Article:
The writer starts with a blank piece of paper. You know those ideas that producers are always throwing around--they are a dime a dozen. You know how below the line workers are complaining that writers don't know what work is--they've never seen the sweat and panic that comes at 2 a.m. when a scene simply will not come together. Hell, the below-the-lines are somewhat protected from working 24 hour days, which writers are not. There's no craft services set up in our house unless I'm around to cook when Len's on a deadline.
I took a day job so we could have health insurance, which has become more difficult for writers to achieve unless someone has a job on a TV series and the prevailing wisdom is that Len falls into the "too old" category for series jobs. And since much of his TV work has been on animation, where Local 839 doesn't cover everything and doesn't believe that writers have particular value, there's even less likelihood of health coverage. As a still photographer, I did join Local 600, but still photographers are not required as part of a TV crew and enough days shooting on a film are very hard to come by to qualify for health insurance. And, oh yeah, my quarterly dues are a hell of a lot higher than Len's are when he's not doing WGA projects.
Many writers look to residual payments to keep them covered under health insurance during those periods when they aren't working. Many people don't really understand why residuals are important or why writers should get them. When I was a law clerk at the WGA, I had one of their lawyers ask me if I knew what residuals were and if I understood them. I said yes because they are the equivalent of relicensing photographs or collecting royalties on printed work. The lawyer then said "maybe you can explain them to me. As far as I am concerned, writers are no different than lettuce pickers and I don't see why they should get residuals." I was flabbergasted and I've never gotten over the fact that an employee of the WGA could say that. How can you represent people when you don't believe in their issues?
Residuals are royalties for creators who work in the film industry. A whole legal fiction has arisen around who the creative forces entitled to copyright are in television and motion pictures. It's been controlled by a little phrase called "work made for hire" by which the actual creator of a work agrees that the person paying for the work is the "author" for purposes of copyright law, so the copyrighted work can be protected. The phrase arose under the 1909 Copyright Act and was expanded under the 1976 Act and a few years ago the music industry slipped in an expansion which was rescinded after a justifiable outcry from the singers and musicians adversely affected. Copyright legislation is supposed to be accomplished by balancing the rights of the creators and the publishers (in the broadest sense of that word), which is a far cry from the Constitutional instruction (Article I, Section 8, Clause 8, as I recall) to Congress to balance the rights of the creators and the public. The founders of this country thought creative out put was important to the welfare of our nation. (I think John Kennedy was the last president who agreed with that. Hence, the Kennedy Center and the Kennedy Center Honors.)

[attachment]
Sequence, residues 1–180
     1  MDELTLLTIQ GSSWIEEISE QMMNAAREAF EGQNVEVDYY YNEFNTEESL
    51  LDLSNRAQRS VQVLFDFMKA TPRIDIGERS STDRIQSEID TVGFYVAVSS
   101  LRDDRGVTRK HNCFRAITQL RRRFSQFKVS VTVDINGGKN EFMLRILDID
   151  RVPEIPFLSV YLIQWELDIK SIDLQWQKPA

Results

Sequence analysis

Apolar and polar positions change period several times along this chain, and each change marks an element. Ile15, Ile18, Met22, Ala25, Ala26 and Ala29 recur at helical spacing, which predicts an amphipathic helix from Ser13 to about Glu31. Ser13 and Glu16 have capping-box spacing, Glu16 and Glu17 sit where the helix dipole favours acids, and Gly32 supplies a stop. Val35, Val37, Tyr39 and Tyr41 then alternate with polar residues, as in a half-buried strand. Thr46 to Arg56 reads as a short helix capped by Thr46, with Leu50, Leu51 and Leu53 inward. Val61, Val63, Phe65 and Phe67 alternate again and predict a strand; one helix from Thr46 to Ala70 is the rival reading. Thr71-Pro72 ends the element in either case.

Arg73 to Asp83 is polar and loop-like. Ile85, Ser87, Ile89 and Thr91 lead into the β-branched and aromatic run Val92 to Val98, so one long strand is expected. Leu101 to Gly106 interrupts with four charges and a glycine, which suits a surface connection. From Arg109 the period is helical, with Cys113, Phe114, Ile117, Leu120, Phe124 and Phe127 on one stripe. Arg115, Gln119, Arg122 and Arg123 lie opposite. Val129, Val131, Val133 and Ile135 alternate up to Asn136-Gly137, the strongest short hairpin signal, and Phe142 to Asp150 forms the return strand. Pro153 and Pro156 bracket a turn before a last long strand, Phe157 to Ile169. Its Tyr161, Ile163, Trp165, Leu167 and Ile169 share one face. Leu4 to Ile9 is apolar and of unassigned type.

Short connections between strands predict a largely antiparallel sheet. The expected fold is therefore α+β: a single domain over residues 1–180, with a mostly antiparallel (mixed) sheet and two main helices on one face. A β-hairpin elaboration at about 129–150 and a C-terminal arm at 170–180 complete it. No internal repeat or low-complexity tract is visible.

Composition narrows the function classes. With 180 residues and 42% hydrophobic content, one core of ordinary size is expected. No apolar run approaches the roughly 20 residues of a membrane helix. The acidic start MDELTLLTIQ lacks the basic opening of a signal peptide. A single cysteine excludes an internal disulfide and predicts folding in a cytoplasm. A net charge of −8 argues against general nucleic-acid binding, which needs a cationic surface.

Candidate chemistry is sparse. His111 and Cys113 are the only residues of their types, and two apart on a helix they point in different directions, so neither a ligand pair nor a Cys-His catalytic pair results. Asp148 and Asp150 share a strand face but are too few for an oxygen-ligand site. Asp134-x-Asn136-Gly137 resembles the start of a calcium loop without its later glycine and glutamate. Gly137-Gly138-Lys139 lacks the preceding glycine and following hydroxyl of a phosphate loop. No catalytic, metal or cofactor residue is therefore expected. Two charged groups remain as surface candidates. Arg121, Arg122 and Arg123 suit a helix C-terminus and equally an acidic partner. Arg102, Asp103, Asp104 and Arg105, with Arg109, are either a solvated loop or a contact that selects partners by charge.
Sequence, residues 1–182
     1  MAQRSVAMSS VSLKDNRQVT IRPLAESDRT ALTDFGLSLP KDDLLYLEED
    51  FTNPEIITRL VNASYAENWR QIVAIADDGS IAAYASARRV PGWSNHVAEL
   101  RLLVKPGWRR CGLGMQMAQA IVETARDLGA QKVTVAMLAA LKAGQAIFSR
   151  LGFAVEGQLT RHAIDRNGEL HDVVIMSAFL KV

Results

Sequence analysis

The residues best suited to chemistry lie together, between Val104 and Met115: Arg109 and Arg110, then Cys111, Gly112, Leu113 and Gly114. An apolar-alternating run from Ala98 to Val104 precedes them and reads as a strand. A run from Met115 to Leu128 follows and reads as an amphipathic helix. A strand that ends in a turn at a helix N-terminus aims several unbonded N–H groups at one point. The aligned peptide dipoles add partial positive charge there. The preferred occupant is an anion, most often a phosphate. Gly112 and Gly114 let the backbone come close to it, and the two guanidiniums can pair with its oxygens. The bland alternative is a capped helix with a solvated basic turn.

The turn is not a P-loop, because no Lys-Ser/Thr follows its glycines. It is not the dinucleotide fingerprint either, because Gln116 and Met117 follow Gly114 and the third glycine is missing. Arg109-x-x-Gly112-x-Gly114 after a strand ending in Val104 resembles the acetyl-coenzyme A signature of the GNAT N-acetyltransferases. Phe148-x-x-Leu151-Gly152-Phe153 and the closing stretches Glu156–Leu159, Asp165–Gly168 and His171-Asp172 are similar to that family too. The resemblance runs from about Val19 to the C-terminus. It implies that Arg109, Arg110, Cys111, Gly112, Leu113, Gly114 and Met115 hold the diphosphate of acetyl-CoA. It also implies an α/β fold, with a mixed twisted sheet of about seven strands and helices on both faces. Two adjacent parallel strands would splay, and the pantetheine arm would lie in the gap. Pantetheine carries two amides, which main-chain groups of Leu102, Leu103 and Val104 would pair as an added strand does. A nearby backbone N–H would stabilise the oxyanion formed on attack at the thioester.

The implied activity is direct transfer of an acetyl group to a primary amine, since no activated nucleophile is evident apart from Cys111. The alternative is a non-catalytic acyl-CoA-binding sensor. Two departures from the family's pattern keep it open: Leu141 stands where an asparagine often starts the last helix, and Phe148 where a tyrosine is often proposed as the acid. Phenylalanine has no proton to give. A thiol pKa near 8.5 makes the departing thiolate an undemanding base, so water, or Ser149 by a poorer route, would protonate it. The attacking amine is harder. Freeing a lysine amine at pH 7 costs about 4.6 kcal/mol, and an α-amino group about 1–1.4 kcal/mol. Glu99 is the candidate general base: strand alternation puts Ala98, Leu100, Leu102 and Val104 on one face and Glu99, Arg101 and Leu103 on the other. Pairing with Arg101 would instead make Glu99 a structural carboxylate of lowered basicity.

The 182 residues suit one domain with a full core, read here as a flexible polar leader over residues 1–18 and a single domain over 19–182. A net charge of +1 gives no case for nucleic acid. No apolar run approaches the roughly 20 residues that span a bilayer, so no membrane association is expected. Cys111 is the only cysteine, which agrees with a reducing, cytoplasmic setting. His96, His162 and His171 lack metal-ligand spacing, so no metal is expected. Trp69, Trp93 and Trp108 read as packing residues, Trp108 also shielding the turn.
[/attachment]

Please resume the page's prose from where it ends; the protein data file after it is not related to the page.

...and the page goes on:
So, according to the law, motion pictures and television programs may be considered "works made for hire" if the parties agree in a writing to that. What the real creator gives up is the right to the copyright of a work for his or her life-time plus 70 years. (I thought the plus 50 years was more than enough, but the Walt Disney Company saw the end of copyright protection for Mickey Mouse and paid copious amounts of lobbying money to get the term extended.) It very clearly doesn't have to be that way, because copyright rights can be licensed in parts with the balance retained by the copyright owner and it is possible for a writer to license a screenplay without losing their own copyright rights. Don't let the AMPTP find out you know this little secret, but going along with their legal fiction leads to the creation of the WGA. Writers have balanced the loss of control of the copyright by the ability to organize and collectively bargain as "employees" in the motion picture and television industries and that has led to residuals--payment for the relicensing for work during that work's useful life--just as a novelist collects royalties on a book (and, at least until the motion picture industry started foisting its business model on the publishing industry) and retains control of all subsequent and subsidiary licensing of the work for further royalties. And writers in television and motion pictures can strike in order to say NO! to a bad deal.